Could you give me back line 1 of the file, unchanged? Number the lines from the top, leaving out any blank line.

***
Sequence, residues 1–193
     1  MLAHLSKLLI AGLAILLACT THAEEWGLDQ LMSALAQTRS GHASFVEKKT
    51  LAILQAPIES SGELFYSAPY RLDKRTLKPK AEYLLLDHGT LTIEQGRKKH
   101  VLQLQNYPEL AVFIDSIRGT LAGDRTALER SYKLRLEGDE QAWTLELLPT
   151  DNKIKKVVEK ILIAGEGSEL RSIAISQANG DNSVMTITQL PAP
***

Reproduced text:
Sequence, residues 1–193